Pretty lucky. So was Blockhead your first real sponsor? How’d you end up getting hooked up with them?

Yeah, Blockhead was my first sponsor.

I went to Skate Camp in Visalia one summer and a counselor there saw me skating and thought he might be able to hook me up. The counselor ended up being Ron Lemen, who used to do graphics for Blockhead and was actually living with Blockhead Dave Bergthold at the time.

After that, I just started bugging the crap out of Dave... calling him all the time, trying to get free boards.

And it just worked out. What was it like skating for Blockhead back then? I always dug that crew because everything had such a light-hearted approach while still having more than their share of heavies on the team…

It was really cool riding for Blockhead. I’d go stay at Dave’s house in California and get to skate the Blockhead ramp with all these different skaters that I looked up to. There were so many good skateboarders that rode for them.

For sure. Sam Cunningham, Omar Hassan, Rick Howard, Jason Dill…

Yeah, my first trip out to California, I remember going to this double-sided curb because Rick Howard wanted to film a trick. I barely knew anybody and here I was skating with Rick Howard. I was so nervous on the drive over to the spot because I really looked up to Rick back then. It felt like a make-or-break type of thing, but in reality, it probably didn’t even matter. It was just going to skate.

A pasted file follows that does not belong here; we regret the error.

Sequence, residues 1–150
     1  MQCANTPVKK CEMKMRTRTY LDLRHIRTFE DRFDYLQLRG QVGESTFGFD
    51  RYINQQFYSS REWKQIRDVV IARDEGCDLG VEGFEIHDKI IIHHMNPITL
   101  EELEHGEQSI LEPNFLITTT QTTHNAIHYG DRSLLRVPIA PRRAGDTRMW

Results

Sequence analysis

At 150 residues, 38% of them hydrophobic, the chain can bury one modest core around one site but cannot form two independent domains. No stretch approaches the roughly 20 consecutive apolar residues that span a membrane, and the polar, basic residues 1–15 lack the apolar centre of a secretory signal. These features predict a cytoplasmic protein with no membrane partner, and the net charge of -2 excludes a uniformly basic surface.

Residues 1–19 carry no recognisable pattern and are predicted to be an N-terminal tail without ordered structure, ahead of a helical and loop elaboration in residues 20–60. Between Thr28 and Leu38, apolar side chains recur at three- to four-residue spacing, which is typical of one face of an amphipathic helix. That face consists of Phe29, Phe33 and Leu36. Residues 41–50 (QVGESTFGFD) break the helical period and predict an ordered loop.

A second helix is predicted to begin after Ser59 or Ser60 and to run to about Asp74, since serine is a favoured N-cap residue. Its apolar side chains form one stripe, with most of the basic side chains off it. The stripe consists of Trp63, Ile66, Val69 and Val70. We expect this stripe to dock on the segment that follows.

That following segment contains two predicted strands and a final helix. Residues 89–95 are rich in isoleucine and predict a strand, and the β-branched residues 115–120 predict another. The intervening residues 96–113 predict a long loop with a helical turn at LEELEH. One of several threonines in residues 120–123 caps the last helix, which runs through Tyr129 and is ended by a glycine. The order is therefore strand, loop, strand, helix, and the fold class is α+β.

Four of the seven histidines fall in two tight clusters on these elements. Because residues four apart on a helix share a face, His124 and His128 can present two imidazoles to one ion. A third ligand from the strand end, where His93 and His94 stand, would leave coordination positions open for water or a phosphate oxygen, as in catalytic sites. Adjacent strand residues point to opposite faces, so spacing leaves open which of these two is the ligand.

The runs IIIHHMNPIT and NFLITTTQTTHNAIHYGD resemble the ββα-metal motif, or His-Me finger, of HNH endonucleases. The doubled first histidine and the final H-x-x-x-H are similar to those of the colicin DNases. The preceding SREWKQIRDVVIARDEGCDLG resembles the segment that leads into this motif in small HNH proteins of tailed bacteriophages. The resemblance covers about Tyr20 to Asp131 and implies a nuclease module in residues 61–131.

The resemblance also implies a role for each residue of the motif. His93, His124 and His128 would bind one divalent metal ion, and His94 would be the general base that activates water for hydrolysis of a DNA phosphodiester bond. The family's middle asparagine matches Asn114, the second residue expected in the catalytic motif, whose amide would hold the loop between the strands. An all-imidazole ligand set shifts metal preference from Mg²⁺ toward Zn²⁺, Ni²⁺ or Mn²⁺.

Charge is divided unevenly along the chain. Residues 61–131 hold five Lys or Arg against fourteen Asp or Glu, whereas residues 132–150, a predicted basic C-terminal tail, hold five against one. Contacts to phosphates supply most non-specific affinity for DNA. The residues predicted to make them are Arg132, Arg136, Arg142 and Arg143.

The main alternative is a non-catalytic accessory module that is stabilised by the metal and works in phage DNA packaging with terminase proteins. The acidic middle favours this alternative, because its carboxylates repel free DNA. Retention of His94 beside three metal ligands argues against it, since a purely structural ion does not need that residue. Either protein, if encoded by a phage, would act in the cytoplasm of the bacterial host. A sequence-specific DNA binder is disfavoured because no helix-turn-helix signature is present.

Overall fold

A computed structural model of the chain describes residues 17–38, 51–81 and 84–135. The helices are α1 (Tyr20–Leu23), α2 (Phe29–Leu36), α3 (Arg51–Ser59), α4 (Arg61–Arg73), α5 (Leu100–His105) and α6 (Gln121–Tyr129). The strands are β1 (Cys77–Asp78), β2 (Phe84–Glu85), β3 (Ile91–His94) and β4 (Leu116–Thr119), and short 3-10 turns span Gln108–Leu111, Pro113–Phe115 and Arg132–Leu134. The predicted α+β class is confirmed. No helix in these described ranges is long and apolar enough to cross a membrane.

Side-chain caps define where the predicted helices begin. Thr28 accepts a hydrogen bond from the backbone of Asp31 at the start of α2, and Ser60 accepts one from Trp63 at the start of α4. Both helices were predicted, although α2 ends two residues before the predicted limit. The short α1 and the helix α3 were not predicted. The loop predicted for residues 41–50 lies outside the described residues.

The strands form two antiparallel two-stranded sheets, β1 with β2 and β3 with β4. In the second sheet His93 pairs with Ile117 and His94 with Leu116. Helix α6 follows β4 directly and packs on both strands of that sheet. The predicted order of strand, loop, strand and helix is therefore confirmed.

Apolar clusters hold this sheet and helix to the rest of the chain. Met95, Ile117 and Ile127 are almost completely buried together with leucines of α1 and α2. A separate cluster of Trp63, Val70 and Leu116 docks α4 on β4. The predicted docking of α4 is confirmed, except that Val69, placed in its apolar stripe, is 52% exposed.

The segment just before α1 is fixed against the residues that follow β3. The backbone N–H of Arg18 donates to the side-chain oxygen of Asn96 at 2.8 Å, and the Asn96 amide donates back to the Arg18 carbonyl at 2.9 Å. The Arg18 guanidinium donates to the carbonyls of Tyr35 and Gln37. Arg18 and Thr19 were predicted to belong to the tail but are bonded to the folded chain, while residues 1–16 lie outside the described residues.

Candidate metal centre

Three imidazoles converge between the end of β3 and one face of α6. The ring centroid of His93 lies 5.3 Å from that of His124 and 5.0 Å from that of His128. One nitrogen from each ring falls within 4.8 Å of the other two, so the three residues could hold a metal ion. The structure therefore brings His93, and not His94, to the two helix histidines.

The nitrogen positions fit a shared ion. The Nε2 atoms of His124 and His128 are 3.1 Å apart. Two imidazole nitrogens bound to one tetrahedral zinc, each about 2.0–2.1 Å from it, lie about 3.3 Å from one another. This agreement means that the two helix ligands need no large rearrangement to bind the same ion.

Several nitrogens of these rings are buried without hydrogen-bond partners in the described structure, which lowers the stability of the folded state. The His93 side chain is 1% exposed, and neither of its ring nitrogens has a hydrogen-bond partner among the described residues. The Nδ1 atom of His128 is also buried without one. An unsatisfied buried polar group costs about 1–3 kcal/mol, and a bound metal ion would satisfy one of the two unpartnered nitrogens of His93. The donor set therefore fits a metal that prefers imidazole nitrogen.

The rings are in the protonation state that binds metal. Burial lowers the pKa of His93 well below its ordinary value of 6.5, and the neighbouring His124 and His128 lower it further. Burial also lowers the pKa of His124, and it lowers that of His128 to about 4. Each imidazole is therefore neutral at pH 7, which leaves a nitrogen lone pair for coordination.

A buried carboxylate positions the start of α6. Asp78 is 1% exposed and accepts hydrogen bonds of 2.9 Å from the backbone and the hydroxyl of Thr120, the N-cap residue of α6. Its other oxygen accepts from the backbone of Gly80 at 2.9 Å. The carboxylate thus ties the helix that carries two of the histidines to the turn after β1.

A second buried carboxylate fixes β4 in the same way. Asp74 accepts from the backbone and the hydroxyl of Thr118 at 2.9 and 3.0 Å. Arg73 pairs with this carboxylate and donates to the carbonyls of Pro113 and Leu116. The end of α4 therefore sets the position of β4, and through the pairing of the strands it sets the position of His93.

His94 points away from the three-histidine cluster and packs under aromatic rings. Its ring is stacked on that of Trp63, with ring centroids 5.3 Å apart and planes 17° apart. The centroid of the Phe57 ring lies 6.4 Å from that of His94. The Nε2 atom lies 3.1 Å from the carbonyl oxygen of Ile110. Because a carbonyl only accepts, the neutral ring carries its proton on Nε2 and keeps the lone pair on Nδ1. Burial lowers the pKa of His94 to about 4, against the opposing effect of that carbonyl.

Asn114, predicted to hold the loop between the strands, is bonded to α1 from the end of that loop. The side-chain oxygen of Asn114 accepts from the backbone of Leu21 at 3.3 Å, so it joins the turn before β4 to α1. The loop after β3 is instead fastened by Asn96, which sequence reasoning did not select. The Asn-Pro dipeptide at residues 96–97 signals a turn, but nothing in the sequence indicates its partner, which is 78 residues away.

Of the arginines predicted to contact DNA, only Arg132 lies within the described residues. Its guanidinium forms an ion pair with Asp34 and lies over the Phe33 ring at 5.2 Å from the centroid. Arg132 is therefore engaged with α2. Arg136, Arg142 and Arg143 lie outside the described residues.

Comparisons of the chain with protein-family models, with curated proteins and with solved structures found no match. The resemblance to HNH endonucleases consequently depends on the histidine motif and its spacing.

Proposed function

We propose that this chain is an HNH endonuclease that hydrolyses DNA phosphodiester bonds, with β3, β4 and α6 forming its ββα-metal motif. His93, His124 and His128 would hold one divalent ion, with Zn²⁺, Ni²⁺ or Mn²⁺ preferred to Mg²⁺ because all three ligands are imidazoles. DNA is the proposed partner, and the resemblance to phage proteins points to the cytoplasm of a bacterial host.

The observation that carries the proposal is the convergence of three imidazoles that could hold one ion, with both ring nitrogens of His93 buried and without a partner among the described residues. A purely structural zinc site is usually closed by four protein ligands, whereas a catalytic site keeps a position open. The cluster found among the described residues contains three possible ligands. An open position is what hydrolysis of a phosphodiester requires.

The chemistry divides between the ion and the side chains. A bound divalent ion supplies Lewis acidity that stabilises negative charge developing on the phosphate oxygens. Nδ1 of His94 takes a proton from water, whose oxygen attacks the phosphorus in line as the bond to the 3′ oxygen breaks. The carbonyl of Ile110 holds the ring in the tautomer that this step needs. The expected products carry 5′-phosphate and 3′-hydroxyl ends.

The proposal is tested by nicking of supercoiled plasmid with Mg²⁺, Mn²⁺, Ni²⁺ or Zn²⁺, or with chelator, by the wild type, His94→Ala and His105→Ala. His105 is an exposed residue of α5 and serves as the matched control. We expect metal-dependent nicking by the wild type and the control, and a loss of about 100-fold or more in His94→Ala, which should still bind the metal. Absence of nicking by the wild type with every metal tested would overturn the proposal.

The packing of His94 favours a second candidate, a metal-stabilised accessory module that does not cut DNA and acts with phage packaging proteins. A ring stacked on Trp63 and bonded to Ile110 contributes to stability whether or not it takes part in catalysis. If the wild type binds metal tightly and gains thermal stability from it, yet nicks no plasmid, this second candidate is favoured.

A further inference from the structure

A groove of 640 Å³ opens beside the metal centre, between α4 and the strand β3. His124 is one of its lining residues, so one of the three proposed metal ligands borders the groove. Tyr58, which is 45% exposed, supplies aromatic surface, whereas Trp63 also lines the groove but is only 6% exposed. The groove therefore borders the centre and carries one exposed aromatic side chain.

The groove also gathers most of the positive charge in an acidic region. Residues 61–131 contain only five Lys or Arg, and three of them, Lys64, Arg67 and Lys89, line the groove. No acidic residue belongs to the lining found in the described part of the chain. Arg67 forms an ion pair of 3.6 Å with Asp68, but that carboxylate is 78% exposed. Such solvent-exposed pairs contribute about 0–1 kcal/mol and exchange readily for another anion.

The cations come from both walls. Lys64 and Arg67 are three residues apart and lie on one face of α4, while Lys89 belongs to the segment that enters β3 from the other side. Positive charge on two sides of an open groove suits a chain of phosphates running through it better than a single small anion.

It’s easy to see a Lotti influence in your Recycled Rubbish debut. Definitely an impressive part with the brim hat steez…

The brim hat was a direct result from staying out with Sean Begg in Carlsbad that summer. Sean also rode for Blockhead and was down with Mark Wyndham, Ocean Howell, and George Carr… which meant skating with those guys almost everyday. Just being around those guys influenced my skateboarding and style so much. Ocean always wore a hat like that.

Hell, I would’ve probably started wearing one, too. I’m not sure kids today know as much as they should about Mark and Ocean because they really didn’t film or shoot photos all that often. Anything in particular stand out from all the times you went skating with them?

Those guys were just so cool to be around. Mark was the first person I ever saw do a 270 lipslide down a rail. That one is still amazing to me.

And I could watch Ocean skate flatground all day.

He had the best 360 flips.

Ocean was just so cool. I remember waking up one day at the Blockhead house and we were all going to go out skating. We walk out the front door and Ocean had come over while we were sleeping and taken Ron Lemen’s tires off and put his truck on bricks. So funny.